This chapter makes Hillary accessible to any woman who strives to be powerful one day. It also resonates with any woman that has experienced harassment or any uncomfortable situation involving a man. She writes:
“‘This is not okay,’ I thought. It was the second presidential debate, and Donald Trump was looming behind me. Two days before, the world had heard him brag about groping women. Now we were on a small stage, and no matter where I walked, he followed me closely, staring at me, making faces. It was incredibly uncomfortable. He was literally breathing down my neck. My skin crawled.”
Take away the politics for a moment and (try to) forget that it’s Donald Trump. This is the anthem of any woman who has felt on edge around a man.
The rest of the book focuses on what she would do as president — if she were president — and what she did wrong, even if she doesn’t necessarily apologize for it. She talks about gun violence, LGBTQ rights and financial restoration from 2008.
In “Those Damn Emails” she talks about all the things that simultaneously collapsed. She doesn’t apologize for using a server. And she shouldn’t — many politicians before her used one, and many still are. She does, however, criticize former FBI Director James Comey, The New York Times and the Republican committee, focusing on how they built up the issue to the point of a near national scandal.
“Trolls, Bots, Fake News, and Real Russians” focuses on the chaos of Russian interference and the news. While Clinton writes about the traditional media, she also focuses on the influx of poorly-sourced websites and Breitbart. She lists some of the latter’s ridiculous headlines:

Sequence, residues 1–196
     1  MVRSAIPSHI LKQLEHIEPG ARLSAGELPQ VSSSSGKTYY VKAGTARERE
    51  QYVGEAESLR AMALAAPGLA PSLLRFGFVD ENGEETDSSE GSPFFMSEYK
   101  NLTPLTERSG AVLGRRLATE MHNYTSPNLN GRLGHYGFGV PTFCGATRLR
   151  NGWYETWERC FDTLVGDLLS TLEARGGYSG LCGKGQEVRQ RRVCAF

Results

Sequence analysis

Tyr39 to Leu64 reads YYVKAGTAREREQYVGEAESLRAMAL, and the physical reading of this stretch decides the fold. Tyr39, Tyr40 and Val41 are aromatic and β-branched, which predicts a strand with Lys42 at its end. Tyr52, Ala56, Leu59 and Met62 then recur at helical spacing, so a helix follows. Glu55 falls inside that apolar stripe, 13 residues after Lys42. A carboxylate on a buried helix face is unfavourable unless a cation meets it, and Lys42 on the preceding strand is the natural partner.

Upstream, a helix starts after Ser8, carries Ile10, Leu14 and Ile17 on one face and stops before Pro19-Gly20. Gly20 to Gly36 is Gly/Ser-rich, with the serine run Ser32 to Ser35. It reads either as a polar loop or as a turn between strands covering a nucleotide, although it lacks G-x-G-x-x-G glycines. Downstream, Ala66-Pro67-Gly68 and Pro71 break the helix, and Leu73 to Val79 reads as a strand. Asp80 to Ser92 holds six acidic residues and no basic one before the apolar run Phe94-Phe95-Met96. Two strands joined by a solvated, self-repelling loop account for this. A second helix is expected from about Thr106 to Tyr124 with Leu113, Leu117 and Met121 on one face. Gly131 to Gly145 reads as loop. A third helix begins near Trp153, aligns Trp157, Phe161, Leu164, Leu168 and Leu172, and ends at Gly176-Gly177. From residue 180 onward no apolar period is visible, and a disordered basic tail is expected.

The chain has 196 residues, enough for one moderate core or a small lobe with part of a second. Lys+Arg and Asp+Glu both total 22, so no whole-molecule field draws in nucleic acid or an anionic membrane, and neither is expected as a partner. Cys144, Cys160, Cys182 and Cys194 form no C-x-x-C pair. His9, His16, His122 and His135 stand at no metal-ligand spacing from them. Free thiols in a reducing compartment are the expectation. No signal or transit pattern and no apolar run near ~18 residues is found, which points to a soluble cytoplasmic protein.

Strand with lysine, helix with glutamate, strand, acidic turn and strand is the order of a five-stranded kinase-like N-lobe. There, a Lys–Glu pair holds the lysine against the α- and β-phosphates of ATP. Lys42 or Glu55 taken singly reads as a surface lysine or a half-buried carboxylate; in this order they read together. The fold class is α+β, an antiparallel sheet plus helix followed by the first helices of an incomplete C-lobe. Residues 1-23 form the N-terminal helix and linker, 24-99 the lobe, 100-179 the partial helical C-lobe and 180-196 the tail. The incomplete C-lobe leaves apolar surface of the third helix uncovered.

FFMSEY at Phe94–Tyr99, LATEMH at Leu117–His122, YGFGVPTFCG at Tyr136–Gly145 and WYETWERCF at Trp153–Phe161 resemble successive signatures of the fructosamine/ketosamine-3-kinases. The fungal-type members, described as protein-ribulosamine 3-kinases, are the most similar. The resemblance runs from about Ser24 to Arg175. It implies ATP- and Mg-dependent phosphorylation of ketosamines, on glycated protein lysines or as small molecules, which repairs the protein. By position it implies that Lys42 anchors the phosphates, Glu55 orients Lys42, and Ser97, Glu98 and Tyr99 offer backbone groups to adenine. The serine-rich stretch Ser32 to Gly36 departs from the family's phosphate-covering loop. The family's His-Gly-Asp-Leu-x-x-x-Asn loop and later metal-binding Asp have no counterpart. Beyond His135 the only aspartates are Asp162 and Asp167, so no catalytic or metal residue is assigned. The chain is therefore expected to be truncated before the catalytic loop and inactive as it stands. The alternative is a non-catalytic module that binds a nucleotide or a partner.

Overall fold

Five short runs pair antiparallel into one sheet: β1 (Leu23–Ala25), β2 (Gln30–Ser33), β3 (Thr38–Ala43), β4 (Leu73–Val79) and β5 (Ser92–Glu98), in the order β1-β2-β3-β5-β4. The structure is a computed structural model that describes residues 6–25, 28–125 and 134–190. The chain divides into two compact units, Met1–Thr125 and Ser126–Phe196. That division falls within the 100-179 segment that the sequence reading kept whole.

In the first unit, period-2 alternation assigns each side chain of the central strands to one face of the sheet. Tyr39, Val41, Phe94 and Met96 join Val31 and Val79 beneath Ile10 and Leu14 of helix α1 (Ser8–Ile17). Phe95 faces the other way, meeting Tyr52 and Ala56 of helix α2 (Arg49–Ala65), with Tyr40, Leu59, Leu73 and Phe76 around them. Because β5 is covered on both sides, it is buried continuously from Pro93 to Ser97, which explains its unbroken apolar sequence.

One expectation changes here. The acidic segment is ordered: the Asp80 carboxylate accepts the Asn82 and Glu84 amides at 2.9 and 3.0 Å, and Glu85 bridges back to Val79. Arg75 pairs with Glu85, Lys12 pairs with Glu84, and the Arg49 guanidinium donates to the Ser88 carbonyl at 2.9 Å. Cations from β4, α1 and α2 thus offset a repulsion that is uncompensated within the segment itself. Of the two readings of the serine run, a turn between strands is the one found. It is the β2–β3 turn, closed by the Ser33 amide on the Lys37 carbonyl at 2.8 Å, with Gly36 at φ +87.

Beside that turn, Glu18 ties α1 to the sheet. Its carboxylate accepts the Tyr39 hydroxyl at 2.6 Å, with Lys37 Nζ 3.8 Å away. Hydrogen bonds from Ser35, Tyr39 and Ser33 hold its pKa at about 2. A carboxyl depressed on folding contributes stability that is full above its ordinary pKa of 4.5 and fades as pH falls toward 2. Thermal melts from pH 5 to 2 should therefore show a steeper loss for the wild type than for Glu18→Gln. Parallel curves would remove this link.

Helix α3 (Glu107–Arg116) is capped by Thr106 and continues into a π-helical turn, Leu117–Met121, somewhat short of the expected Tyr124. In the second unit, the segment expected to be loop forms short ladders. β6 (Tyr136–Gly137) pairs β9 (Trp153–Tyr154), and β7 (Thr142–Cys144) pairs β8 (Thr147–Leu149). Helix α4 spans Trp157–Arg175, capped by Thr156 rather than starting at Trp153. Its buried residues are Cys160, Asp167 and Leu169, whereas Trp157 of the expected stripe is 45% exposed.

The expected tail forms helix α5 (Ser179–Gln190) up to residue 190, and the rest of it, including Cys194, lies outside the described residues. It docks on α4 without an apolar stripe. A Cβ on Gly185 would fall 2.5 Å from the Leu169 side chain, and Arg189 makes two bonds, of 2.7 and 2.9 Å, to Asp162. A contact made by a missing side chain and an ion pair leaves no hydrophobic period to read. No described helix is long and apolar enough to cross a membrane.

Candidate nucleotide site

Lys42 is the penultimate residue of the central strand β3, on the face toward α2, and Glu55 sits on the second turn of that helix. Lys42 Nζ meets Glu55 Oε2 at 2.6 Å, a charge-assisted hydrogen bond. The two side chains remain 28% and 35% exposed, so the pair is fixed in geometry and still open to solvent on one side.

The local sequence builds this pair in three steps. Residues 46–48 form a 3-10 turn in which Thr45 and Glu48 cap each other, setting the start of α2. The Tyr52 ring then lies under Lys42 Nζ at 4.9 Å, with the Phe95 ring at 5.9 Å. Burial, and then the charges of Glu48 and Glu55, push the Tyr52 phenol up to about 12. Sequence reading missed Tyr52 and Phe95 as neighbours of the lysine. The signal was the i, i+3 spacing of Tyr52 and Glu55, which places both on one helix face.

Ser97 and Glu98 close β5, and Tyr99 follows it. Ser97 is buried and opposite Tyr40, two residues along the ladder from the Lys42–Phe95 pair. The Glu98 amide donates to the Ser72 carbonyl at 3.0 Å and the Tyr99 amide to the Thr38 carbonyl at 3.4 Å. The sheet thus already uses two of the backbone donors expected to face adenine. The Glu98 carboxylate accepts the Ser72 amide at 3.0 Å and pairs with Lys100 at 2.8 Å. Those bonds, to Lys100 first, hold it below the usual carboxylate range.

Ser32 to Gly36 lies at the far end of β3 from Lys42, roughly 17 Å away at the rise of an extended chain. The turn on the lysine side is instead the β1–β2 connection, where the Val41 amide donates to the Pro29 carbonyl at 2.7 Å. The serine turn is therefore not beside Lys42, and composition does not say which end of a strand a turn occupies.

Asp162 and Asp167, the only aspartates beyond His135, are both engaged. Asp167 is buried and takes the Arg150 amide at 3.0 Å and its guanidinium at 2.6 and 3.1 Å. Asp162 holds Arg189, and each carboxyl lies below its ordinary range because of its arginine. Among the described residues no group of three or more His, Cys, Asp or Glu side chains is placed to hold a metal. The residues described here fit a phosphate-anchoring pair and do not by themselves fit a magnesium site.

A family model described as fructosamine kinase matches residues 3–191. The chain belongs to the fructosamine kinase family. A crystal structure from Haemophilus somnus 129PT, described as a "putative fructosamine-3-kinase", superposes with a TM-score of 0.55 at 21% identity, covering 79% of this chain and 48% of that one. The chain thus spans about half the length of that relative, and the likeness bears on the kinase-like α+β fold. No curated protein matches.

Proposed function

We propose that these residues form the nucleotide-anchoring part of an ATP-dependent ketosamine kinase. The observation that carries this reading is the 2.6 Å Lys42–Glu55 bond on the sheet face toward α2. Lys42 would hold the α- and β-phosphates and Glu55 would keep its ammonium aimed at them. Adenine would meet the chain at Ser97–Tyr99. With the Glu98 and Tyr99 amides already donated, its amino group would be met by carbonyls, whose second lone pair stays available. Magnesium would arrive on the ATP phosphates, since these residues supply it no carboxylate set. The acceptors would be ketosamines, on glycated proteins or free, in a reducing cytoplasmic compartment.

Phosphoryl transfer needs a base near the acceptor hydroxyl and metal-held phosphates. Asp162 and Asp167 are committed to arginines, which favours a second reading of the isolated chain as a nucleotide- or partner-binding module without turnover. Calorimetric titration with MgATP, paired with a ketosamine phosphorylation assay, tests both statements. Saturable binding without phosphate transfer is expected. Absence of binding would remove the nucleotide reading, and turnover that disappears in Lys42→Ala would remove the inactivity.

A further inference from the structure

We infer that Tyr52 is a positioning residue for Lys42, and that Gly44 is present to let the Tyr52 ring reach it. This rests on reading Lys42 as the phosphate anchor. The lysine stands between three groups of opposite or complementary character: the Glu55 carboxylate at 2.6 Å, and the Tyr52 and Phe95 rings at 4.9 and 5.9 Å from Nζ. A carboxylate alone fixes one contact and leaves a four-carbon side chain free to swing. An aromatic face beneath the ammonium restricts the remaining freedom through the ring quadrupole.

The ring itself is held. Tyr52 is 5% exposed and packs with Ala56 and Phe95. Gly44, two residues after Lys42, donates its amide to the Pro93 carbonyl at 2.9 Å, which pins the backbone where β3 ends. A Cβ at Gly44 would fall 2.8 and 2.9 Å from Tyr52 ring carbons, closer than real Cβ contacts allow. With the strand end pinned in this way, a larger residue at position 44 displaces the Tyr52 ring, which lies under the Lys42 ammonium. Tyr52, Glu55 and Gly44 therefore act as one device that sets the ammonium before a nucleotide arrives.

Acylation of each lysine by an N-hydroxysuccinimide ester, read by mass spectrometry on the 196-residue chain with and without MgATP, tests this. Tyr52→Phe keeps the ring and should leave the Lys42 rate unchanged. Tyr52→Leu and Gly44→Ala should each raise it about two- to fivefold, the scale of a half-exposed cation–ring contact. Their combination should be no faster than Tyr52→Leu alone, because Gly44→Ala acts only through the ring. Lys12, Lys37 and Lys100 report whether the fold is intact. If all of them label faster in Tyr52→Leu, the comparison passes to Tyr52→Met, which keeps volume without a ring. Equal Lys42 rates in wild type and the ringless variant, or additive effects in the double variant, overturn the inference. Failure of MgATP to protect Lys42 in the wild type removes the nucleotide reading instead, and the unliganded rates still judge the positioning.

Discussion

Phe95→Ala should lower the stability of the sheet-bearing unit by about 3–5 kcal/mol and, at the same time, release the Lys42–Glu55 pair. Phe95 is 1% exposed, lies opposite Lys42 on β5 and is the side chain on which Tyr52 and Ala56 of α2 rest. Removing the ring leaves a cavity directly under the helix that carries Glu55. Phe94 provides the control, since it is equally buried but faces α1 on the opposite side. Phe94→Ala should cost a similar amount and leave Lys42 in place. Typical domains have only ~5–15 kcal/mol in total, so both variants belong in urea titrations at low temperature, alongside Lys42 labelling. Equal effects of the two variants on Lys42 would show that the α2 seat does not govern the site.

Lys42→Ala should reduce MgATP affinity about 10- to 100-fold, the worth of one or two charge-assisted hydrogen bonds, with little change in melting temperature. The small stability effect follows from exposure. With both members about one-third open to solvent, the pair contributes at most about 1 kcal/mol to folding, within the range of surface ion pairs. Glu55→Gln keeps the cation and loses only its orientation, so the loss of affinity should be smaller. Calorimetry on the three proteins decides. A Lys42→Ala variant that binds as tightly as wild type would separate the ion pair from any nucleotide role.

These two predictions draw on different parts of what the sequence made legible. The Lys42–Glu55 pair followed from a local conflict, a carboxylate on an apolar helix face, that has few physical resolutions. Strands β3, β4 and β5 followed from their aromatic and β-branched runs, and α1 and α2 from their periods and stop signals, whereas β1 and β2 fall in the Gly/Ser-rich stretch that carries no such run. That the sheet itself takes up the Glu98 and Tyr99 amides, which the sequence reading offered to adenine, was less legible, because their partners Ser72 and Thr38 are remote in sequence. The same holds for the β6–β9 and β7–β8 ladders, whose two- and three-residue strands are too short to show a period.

“Birth Control Makes Women Unattractive and Crazy”
“There’s no Hiring Bias Against Women in Tech, They Just Suck at Interviews”
“Hoist it High and Proud: The Confederate Flag Proclaims a Glorious Heritage”
“Fact Check: Were Obama and Hillary Founders of ISIS? You Bet”
These bemoan that good journalism is being dirtied by using the name “journalism” to label all sorts of garbage, which blurs out what really is the truth. She writes at the end of the chapter:
“What we are facing now — an attack on our democracy by our principal foreign adversary, potentially aided and abetted by the President’s own team — is much more serious [than Watergate].”
She wraps up the book with the closing moments of the election and her campaign, reflecting again on the people who supported her. The last section focuses on her commencement address to her alma mater, Wellesley. It ends with “‘What do we do now?’ I said. There was only one answer: ‘Keep going.’”
Let me level with you — I was a Bernie supporter. I mean, I live in Boulder, Colorado, after all. But when I realized it was Hillary or Trump, you better believe I was a passionate “HRC” supporter. This book makes me wish I had supported Hillary more from the start. It’s worth a read if you’re passionate about politics and if you hope to see the world become a better place. But if you’re understandably exhausted from it all, find the Sparknotes version.
You can contact CU Independent Arts Editor Stephanie Wood at firstname.lastname@example.org.